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Back to School Bedtime Routine

Lisa Artis, sleep advisor from The Sleep Council shares some expert tips for getting your children back into healthy bedtime routine ahead of returning to school after the holidays.

Why is sleep so important for children?

Firstly, because it directly impacts on their mental and physical development.

Sleep is essential for memory consolidation and learning and for internalising the day’s activities. A lack of sleep or poor-quality sleep interrupts this process and has a negative impact on a child’s development.

Additionally, sleep helps our bodies to repair and regenerate, preparing it for the next day’s activities. Without time to repair, physical development can be stunted.

Unfortunately, sleep isn’t taken as seriously as it should be. If a child’s development was suffering due to a lack of food or nutrition, we’d naturally be horrified and would act on this immediately, but the same can’t be said for sleep deprivation.

As any parent knows, lack of sleep has a severe negative impact on a child’s mood and behaviour. If your child hasn’t had enough sleep, this can result in mood swings, irritability and counter-intuitively; hyperactivity. All of this can reduce a child’s concentration levels and lead to poor performance in the classroom.

How much sleep do children need?

As a rule of thumb:

  • Under 3s: Around 12 hours sleep per night
  • 4-6-year old: 10.5-11.5 hours sleep per night
  • 6-12-year old: Around 10 hours
  • Teenagers: 8-9 hours

With return to school looming around the corner, its time to get your children back into a school-friendly sleeping routing.

Ideally, you want to start a transitional routine about a week to 10 days before they go back to school. You can do this by bringing bedtime 10-15 minutes closer to the norm, every 2 days until your back to a healthy and development promoting bedtime.

Trouble Getting to Sleep?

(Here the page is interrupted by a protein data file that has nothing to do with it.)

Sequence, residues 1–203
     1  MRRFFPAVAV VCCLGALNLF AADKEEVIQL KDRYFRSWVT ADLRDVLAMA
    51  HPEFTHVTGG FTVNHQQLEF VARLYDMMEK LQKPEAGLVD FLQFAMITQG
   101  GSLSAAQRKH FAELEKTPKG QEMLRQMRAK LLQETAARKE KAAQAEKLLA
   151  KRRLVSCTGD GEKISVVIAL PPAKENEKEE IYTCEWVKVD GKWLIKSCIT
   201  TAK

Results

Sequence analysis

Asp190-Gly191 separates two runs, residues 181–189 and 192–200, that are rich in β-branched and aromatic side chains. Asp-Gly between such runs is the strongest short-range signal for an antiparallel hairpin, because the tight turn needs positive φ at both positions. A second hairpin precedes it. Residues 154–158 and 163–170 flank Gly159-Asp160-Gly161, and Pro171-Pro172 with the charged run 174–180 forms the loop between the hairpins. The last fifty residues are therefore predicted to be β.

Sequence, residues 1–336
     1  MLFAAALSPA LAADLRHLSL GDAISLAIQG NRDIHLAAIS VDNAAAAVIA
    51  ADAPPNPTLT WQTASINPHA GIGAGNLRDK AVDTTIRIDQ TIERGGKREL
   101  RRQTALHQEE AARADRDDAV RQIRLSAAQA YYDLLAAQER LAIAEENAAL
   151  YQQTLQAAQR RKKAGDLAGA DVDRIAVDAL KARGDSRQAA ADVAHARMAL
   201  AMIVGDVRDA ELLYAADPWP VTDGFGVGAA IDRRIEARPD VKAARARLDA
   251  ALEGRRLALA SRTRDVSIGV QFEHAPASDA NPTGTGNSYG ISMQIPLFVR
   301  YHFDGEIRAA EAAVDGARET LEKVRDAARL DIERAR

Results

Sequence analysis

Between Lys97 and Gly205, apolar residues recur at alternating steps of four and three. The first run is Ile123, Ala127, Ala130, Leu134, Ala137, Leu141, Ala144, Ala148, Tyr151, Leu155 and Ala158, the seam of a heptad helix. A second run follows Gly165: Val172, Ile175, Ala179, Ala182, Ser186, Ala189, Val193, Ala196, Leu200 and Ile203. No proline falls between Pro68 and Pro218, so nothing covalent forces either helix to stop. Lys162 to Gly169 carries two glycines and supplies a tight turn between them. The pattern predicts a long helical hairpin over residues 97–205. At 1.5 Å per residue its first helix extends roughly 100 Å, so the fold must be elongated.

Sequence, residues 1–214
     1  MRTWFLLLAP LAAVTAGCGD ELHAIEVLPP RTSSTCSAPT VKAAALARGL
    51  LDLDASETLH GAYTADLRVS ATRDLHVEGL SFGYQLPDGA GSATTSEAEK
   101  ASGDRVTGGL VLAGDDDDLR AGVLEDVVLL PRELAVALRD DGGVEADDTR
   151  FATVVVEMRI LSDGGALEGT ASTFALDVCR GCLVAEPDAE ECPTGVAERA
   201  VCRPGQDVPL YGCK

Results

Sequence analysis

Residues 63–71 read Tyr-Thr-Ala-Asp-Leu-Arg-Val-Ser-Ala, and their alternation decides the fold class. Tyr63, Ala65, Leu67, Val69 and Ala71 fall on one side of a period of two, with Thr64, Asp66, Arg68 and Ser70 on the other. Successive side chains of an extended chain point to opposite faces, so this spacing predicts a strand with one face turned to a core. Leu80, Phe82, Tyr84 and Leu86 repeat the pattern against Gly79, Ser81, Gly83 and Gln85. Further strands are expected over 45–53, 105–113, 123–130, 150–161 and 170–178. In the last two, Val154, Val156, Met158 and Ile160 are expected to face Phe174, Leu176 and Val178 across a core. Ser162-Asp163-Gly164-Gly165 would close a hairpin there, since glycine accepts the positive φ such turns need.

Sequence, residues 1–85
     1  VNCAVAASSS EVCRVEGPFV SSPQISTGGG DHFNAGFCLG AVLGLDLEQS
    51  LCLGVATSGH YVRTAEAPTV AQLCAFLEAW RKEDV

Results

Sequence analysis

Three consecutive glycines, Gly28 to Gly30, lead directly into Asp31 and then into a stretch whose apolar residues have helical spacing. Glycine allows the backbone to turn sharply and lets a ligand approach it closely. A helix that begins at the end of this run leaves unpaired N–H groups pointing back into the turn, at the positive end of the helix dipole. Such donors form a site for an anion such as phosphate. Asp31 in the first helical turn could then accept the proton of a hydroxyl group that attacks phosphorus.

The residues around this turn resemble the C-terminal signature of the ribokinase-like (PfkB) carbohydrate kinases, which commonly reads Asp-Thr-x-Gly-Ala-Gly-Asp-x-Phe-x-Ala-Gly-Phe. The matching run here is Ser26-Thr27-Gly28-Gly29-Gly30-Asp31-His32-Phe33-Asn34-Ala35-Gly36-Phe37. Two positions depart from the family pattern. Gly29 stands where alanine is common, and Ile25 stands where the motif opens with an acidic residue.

Kids thrive on routines, doing the same thing every night acts as a prompt to the body and the mind that it’s time to sleep soon and beings to wind down.

If you give your children snacks or supper, swap the sweets and chocolate for no-sugar cereal or some wholemeal toast.

A good routine could look like this:

Ditch the blue light devices

As you get closer to bed time, ideally an hour before, you want to ditch smartphones, tablets and TVs as they not only stimulate the brain and make children more awake, but the blue light from these devices suppresses the production of melatonin, a hormone which is responsible for the sleepy feeling and acts a prompt that we’re ready to sleep.

Wind down

Introduce a less physically stimulating game or activity (colouring, jigsaws) which will keep them entertained, but will also let their minds start to relax.

Shortly before bed, a warm relaxing bath can signal that it’s time to start winding down. You can improve the effectiveness of your baths by adding some Magnesium Flakes to the bath. Magnesium is known to help relax muscles and so is perfect for preparing the body for sleep. Alternatively, you could use a Sleep Lotion or Spray after the bath, which contain chamomile and lavender to help relax the mind.

Sensory Cues

Once they’re out of the bath and dried, dim the lights, get them dressed into their pyjamas, followed by brushing their teeth.

Following this, put them in bed and (still with dimmed lights) read them a story.

This routine gives the body multiple sensory cues to let it know that it’s time for bed. Stick to it, or something similar and soon your little ones will be nodding off with ease.

You can watch the video of the Q&A below:

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